Hello Fellow Foragers! We have got you covered for a couple of fun foraging adventures in Springtime.
Let Winter be the time for research, planning, and discussing new beginnings. Spring is the starting point, the time when everything is at your fingertips and the world is waiting to inject energy. I hear you now “come on and just get on with the program”.
So, what can you expect to find inside this months issue of “The Forager” for February? Let’s take a peek!
Foraging in Springtime: Get ready to embark on an exciting journey through lush forests and meadows as we explore the bounty of nature awakening from its winter slumber. From delicate wildflowers to hearty greens, discover the treasures waiting to be harvested in the great outdoors.
A Wild Cleanse with Sticky Willies (Got to be the best title ever): Join us as we delve into the world of Sticky Willies and learn how these underrated wild plants can be transformed into a cleansing tonic to kickstart your spring detox. Get ready to feel revitalized and refreshed from the inside out!
Wild Green Walnut Nocino: Indulge your senses with our irresistible recipe for Wild Green Walnut Nocino, a traditional Italian liqueur infused with the essence of early-harvested walnuts. Sip, savor, and celebrate the flavors of spring with this delicious homemade treat.
Wild Onion Focaccia Recipe: Elevate your baking game with our mouthwatering recipe for Wild Onion Focaccia, featuring foraged wild onions for a flavorful twist on this classic Italian bread. Impress your friends and family with your culinary prowess!
Food for thought: Curious about the latest trends in foraging or looking for recommendations on books and podcasts to expand your knowledge? Dive into our “Food for Thought” section, where we share insights on what we’ve been reading and listening to in the world of foraging and beyond.
Subscribe to “The Forager” today and join us on an unforgettable journey through the wonders of springtime foraging. Let’s embrace the season of renewal and rediscover the joy of connecting with nature one wild treasure at a time!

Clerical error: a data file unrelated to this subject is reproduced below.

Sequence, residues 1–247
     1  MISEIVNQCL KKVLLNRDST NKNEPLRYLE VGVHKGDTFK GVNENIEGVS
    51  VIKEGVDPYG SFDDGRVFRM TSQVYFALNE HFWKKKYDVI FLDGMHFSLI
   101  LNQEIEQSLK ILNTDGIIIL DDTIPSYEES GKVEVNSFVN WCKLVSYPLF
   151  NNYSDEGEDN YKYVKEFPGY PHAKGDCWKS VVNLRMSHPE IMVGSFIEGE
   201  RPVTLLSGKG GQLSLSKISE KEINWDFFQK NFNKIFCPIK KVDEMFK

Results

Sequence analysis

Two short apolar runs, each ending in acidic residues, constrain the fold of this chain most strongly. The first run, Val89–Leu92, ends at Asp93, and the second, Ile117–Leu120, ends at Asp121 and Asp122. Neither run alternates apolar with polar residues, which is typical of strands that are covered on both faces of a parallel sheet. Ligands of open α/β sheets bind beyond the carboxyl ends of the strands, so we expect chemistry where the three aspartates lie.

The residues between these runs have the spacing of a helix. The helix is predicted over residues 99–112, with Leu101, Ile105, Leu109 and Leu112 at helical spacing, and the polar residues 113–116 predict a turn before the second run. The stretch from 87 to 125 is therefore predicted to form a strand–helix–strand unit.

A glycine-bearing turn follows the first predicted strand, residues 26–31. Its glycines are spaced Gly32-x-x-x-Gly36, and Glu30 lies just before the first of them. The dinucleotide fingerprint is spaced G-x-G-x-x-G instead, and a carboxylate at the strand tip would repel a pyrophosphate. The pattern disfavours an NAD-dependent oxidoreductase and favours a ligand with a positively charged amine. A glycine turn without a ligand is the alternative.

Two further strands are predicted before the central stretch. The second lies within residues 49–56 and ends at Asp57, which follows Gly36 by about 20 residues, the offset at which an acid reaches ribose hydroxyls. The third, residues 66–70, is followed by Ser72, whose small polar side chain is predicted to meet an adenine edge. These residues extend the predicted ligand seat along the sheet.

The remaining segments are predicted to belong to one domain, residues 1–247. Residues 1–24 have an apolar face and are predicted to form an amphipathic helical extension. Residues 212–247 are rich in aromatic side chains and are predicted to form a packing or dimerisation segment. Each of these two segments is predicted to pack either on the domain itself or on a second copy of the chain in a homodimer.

Back in 2013 I packed a suitcase and headed for British Columbia, not knowing how much the culture of outdoor living would have a longer-term impact on my consideration for the natural world. This organic affiliation with outdoor spaces was both inspiring and thought-provoking.
Why were the people of Canada so in tune with outdoor recreation? The climate certainly had an impact as the summer months allowed for the production of fruit varieties that would be the envy of many countries. Another factor was the close connection between the public and the farms/orchard operators.
Fast forward 10 years to 2023 and two failed start-ups to cater to those who wanted to connect with nature and food and here I am rambling about the same passion for picking fruit, wild foods and connecting with nature.
Last year I wrote an article about the issues facing our future food supplies if producers continue to ignore the trends pointing towards a green-focused economy. This article discussed the fragmented approach to food production and distribution, identifying key areas of improvement and future ways that we could consider using technology to enhance transparency within our manufacturing processes.
What are pick-your-own farms?
Pick-your-own farms, also known as “U-pick” or “PYO” farms, are farms where visitors can go to pick their own produce, such as fruits, vegetables, or berries, directly from the fields. These farms provide an opportunity for people to experience agriculture and learn about where their food comes from. They also offer the freshest, local ingredients and an alternative to supermarket chains that often bring in produce shipped from around the world.
Many pick-your-own farms have different types of products available at different times of the year. Additionally, many farms offer extra activities, such as wine tasting, pumpkin picking, jam making, petting zoos and family days out.
Why should we cultivate a pick-your-own culture in Europe?
Pick-your-own farms typically operate seasonally, which is another reason to love them. What happened to wait until it was berry season to pick berries, holding out for Autumn to get the best chanterelles or making apple tart in September when the kids go back to school? The food we eat is undoubtedly connected with our family traditions and identity. Increased demand for a year-round supply of all foods from everywhere threatens the very enjoyment of eating, tasting, and valuing the foods we grow up alongside.
There are many positive reasons to foster a love for picking locally grown food. From building a sustainable future to supporting local businesses to eating the freshest ingredients, the list is endless. Being closer to nature is now even prescribed by doctors in South Korea, the US and Finland with 5 hours as the minimum time per month recommended by some doctors in Finland. However, the common benefit for all who engage in pick-your-own activities is the sense of community.